Chanukah’s theme is "miracles". During Chanukah Jesus spoke of His miracles: "If I do not the works of my Father, believe me not. But if I do, though ye believe not me, believe the works: that ye may know, and believe, that the Father is in me, and I in him" (John 10:37-38). Jesus wanted the people of his day to see His miracles and believe in Him as a result. His miracles point to his divine and messianic identity. In this way Yeshua personifies the message of Chanukah: God actively involved in the affairs of his people. Chanukah reminds us that God is a God of miracles, not just of concept and religious ideals. He has broken through into human history and continues to do so today.**
Jesus preached three sermons in which he declared Himself the “light of the world,” and all three could have been during Chanukah. Then Jesus said unto them, "Yet a little while is the light with you. Walk while ye have the light, lest darkness come upon you: for he that walketh in darkness knoweth not whither he goeth. While ye have light, believe in the light, that ye may be the children of light. These things spake Jesus, and departed, and did hide himself from them" (John 12:35-36).**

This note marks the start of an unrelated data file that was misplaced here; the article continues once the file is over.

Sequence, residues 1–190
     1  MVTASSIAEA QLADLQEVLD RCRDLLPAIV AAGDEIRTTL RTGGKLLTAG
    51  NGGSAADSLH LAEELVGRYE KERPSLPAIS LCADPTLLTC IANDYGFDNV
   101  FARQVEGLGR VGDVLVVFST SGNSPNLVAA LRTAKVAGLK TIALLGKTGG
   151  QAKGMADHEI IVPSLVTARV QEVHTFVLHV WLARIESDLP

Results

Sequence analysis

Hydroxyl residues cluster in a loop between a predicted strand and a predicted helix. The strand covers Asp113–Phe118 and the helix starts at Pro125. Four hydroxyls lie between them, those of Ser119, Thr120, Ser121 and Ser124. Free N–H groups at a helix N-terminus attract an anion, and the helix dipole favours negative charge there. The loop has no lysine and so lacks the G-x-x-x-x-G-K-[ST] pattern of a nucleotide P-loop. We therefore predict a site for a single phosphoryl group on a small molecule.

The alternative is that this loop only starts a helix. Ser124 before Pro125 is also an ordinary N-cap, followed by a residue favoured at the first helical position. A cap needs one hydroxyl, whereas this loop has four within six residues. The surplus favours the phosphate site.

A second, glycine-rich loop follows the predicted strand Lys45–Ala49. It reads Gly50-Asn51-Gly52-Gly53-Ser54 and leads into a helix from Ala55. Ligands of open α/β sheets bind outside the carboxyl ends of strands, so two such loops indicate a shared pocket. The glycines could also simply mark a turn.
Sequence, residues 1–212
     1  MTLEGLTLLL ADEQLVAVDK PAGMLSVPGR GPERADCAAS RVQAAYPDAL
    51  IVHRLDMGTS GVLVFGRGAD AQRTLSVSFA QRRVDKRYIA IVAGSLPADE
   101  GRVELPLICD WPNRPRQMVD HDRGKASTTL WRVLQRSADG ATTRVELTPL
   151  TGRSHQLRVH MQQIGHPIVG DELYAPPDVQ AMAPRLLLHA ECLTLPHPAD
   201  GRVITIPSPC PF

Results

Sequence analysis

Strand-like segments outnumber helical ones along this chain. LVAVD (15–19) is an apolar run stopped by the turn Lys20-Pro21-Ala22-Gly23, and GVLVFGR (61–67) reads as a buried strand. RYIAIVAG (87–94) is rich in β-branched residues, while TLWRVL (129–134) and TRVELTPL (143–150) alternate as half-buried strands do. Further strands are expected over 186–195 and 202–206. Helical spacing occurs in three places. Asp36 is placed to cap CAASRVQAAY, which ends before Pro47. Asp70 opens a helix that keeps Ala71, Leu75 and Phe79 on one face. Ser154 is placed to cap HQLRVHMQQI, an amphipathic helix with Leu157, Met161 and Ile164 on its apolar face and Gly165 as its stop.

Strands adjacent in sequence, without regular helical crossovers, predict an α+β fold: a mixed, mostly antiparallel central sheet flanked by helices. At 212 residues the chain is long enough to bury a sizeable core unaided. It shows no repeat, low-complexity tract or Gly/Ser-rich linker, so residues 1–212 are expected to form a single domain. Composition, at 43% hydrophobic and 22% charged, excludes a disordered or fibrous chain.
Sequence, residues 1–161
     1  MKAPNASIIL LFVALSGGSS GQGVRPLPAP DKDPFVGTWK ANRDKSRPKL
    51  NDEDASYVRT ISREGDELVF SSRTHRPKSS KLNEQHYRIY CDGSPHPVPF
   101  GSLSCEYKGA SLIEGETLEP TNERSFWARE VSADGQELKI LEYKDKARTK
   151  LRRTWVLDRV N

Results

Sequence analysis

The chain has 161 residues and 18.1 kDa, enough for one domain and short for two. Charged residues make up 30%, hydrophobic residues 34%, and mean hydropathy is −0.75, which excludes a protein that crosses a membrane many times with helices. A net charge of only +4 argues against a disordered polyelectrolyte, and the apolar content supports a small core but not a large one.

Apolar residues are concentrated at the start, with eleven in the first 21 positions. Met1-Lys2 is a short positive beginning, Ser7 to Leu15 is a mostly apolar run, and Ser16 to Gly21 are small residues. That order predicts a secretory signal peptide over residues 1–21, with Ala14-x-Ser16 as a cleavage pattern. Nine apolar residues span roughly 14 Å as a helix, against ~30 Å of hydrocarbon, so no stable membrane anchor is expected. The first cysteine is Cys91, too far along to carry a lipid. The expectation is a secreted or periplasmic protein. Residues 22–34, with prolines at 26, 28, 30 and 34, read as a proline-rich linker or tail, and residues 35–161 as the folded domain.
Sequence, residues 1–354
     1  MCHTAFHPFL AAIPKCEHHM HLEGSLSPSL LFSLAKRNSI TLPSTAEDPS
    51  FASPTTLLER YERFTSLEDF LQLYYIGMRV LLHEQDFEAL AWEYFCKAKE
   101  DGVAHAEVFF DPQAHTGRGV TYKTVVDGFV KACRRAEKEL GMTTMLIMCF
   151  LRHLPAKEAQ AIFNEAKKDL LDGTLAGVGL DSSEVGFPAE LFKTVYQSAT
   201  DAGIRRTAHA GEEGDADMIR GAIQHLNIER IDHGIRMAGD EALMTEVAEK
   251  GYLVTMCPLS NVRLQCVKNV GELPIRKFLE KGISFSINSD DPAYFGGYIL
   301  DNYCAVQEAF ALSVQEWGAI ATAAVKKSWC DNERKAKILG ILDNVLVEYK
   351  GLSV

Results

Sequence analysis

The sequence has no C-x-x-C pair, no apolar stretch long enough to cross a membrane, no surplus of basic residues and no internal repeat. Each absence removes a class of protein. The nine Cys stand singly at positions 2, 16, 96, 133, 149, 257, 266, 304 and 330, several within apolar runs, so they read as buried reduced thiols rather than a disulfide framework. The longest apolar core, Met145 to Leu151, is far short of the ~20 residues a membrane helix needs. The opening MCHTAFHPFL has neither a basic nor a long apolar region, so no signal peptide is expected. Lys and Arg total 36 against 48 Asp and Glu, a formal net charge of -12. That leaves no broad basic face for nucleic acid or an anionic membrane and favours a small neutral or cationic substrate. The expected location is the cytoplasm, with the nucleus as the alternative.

Food for thought:
Was Jesus Conceived on Hanukkah?
Many believe that our Messiah, the “light of the world,” was conceived on the festival of lights—Chanukah. The Bible does not specifically say the date of Jesus’ birth. It was not during the winter months because the sheep were in the pasture (Luke 2:8). A study of the time of the conception of John the Baptist reveals he was conceived about Sivan 30, the eleventh week (Luke 1:8-13, 24). Adding forty weeks, for a normal pregnancy reveals that John the Baptist was born on or about Passover (Nisan 14). Six months after John’s conception, Mary conceived Jesus (Luke 1:26-33); therefore Jesus would have been conceived six months after Sivan 30 in the month of Kislev—Chanukah. Was the “light of the world,” conceived on the festival of lights? Starting at Chanukah, which begins on Kislev 25 and continues for eight days, and counting through the nine months of Mary’s pregnancy, one arrives at the approximate time of the birth of Jesus at the Festival of Tabernacles.**